First of all the hypothesis of survival does not need to be modified in the face of new neuroscientific evidence. It is *your* rather silly conception of the "soul" that neuroscience challenges, certainly not my own. With your conception of the "soul" we cease to exist after a couple of beers, only to spring back into existence again the next morning. The other authors of the tome share the same preposterous conception of the "soul" (rather like atheists always holding a preposterous conception of "God").

Secondly and more importantly, as I explain in my review part 8 (http://ian-wardell.blogspot.com/2018/04/a-response-to-myth-of-afterlife.html)the whole falsifiability issue is a complete red herring since the survival and extinction hypotheses are not scientific ones, they are philosophical issues. As indeed is the broader question of the mind-body relationship.

//Let me get this straight. To legitimately inductively infer that mental activity requires brain activity to sustain it, a mechanism for how this is so must be proffered or else that inference is not cogent. But to legitimately inductively infer that minds can "remotely view" the middle cards in a boxed stack of playing cards, no mechanism for how this is possible must be proffered. Since the basic standards of inductive inference do not change depending on what phenomena you're talking about, why the double standard?//

No. It might just be a brute fact about the world that when we have a degree of physical complexity, then consciousness appears (there's no possible mechanism as I've explained with respect to the birth of modern science argument). If psi is an innate property of souls, then there will be no mechanism. Why should there be a mechanism here any more than there should be a mechanism for the ability to think or experience emotions? Of course, if we presuppose some type of materialism, a mechanism is required for all these things, but then you would be begging the question.


//But *that* existential dependence is true is a straightforward inductive inference from the mind-brain correlations that we actually observe. As philosopher of mind Colin McGinn writes: "The fact is that we know *that* the brain produces consciousness, we just don’t know *how* it does this" (The Mysterious Flame, 1999, p. 88, emphasis McGinn's).//

{shrugs} I genuinely do not understand how we can conclude this. And I've never heard any explanation. There's correlations between the eyeglasses we wear and our vision, but no-one would ever conclude that eyeglasses thereby create our vision. Indeed they couldn't do as there is no conceivable mechanism. Jus' like in the mind-brain correlations.


//I know of no survivalist who believes that some blank slate "self" that cannot understand English or recognize others survives death.//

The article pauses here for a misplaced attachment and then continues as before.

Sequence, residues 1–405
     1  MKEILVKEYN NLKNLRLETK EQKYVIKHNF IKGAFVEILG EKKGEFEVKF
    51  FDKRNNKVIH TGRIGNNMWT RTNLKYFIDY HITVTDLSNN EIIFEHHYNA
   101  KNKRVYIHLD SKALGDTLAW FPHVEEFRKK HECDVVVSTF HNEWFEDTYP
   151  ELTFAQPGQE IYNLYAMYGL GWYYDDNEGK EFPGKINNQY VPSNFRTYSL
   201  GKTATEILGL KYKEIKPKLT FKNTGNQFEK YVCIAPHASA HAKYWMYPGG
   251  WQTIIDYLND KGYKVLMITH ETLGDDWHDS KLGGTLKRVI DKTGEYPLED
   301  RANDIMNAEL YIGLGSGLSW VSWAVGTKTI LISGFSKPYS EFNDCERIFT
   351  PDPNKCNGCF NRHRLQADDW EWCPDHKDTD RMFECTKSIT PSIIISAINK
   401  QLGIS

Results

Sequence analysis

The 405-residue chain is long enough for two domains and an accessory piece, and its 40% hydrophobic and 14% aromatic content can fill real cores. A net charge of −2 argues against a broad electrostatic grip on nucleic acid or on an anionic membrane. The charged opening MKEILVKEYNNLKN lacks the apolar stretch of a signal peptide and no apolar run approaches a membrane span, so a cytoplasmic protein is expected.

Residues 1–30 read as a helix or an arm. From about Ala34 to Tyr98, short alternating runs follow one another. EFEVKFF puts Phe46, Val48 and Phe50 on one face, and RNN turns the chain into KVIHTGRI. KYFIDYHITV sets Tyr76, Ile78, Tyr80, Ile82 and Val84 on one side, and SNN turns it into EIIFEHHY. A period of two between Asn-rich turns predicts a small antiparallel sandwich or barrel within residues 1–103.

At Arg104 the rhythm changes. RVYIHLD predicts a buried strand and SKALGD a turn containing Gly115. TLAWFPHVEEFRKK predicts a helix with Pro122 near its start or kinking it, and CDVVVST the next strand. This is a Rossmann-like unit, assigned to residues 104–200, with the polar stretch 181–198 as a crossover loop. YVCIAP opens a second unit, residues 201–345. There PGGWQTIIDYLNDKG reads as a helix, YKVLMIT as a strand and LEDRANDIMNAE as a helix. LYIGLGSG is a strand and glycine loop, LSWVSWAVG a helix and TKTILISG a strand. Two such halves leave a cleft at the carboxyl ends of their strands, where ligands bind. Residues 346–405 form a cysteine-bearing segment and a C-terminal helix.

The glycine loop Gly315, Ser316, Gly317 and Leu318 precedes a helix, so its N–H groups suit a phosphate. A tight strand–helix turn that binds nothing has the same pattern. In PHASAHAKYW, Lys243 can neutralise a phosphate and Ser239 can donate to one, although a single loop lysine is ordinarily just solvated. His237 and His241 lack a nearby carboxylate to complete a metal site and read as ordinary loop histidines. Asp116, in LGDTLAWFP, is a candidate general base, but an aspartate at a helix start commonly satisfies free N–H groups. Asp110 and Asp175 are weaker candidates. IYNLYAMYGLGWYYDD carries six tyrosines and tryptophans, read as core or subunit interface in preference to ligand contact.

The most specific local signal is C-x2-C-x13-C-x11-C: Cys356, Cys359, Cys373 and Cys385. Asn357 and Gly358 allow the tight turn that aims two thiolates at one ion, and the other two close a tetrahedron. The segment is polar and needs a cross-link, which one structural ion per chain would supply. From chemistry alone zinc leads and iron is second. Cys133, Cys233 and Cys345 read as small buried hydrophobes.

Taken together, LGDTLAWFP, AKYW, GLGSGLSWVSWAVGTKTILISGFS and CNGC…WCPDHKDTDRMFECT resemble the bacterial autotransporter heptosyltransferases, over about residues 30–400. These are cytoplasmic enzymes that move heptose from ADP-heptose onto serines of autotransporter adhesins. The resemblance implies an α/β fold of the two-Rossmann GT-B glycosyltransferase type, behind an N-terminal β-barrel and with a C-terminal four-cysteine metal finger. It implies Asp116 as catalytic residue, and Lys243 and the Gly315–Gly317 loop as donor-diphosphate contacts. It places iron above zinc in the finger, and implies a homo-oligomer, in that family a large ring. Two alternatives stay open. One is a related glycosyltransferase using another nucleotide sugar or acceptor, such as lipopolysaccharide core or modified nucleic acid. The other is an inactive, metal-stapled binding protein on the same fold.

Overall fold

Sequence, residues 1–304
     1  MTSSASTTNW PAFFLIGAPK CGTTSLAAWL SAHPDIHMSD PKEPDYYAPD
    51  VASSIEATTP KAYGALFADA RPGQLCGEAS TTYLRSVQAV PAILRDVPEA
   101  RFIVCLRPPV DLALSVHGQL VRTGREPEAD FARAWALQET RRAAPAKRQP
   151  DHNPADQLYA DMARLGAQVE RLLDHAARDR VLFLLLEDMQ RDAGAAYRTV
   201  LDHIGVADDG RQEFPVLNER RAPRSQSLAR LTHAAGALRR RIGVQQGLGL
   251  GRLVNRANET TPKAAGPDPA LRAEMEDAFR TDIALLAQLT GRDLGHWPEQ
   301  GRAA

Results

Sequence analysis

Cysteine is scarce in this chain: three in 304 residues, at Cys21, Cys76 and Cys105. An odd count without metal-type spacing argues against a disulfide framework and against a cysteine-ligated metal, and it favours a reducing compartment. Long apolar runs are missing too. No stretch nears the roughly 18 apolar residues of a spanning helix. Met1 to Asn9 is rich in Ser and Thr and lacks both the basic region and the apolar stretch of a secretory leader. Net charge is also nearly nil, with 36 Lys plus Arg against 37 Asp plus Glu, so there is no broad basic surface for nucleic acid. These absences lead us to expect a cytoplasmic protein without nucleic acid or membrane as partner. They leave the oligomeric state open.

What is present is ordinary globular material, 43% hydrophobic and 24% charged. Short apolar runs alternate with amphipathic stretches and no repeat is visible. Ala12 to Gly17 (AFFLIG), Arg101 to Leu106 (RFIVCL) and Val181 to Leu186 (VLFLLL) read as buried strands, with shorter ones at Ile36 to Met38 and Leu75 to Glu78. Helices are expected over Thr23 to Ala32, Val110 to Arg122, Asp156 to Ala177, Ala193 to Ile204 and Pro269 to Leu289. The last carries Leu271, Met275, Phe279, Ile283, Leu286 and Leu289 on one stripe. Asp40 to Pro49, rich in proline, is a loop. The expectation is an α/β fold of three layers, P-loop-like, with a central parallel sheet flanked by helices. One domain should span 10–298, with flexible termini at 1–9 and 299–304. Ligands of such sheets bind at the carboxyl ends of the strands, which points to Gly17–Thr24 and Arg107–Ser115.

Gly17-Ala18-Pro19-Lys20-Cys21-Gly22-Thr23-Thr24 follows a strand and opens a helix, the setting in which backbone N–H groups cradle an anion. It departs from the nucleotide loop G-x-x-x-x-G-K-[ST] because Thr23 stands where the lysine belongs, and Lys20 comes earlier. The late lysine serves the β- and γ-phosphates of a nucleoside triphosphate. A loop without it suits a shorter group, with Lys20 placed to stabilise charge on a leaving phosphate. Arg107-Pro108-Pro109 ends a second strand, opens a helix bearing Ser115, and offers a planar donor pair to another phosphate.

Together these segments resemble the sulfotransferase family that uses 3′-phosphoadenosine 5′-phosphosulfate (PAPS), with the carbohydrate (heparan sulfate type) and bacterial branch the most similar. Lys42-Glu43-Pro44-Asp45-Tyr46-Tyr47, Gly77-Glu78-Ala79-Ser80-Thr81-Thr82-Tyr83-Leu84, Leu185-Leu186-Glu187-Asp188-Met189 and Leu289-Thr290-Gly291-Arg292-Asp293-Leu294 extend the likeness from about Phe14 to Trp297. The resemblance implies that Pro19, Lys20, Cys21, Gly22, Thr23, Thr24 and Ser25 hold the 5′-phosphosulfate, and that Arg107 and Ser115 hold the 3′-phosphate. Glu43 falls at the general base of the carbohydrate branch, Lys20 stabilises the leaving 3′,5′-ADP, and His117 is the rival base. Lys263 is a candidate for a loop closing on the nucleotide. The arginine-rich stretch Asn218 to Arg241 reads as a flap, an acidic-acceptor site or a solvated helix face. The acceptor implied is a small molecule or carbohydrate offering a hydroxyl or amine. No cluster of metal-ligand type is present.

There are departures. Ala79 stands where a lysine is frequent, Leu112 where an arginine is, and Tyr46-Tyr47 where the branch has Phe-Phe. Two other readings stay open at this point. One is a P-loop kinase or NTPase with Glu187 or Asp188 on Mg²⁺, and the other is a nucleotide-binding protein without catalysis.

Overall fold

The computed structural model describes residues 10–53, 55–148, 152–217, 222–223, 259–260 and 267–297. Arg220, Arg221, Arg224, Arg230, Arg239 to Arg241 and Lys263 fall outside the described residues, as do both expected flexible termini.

You just continual ascribe incorrect positions to me. It's like concluding that if someone wears various eyeglasses all his life, his unaided vision must be some pale shadow of his bespectacled vision. But that simply just doesn't follow. Could be worse, could be better, could be the same. But now I'm simply repeating myself and you'll just come back and attack the same straw men.

//William Hasker has noted, "a disembodied self lacking memories of its previous life would be crippled at best" (The Emergent Self, 1999, p. 233). But memories (of earthly life or anything else" would be "the quality of the picture" that depends on the brain in your analogy. Dcleve's comments on amazon made clear that he understood this even if you did not, and he is a fellow survivalist of yours.//

Obviously the TV metaphor applies to the embodied self, not the disembodied self. With what reason do we have to suppose the disembodied self forgets?

//A similar point applies to savants who “trade off” prodigious abilities in some areas with mental deficits elsewhere//

I'm not sure if this is always the case, but nothing rides on it. I agree it's desirable to have a 100% functional brain whilst embodied. A pair of glasses too needs to be in good nick in order for them to give you perfect vision.

//Rupert Sheldrake and Chris Carter use this analogy explicitly. (I quote Sheldrake verbatim using it in The Myth of an Afterlife on p. 233, and Carter endorses this same quotation in his NDE book.) As I've noted before, an aerial drone (or Mars rover in Michael Prescott's old analogy) is a much better analogy since the interaction is two-way in the latter cases but not for a TV set (which receives signals but does not transmit them), and dualists believe in two-way interaction. So I don't know why they continue to use such a poor analogy (one that should be deemed poor even by dualists for the reasons just noted).//

A balloon being blown up is not a good analogy for the expanding Universe either. What corresponds to the inside of the balloon? What corresponds to when the balloon pops? The TV metaphor is simply a refutation of the claim that constant correlation must mean that one of the variables produces the other.

As for the Mars rover, where's the analogy for when our psychological states change? The TV metaphor has the picture quality changing which represents changing psychological states.

"And why can't someone conclude that, given our best evidence, in all likelihood it does so depend? "
But you will be stubborn, we have already discussed this topic, and yes, we agree that mind depends on the brain, but not to exist; it must be a merely functional dependence in light of phenomena such as NDEs and mediumship.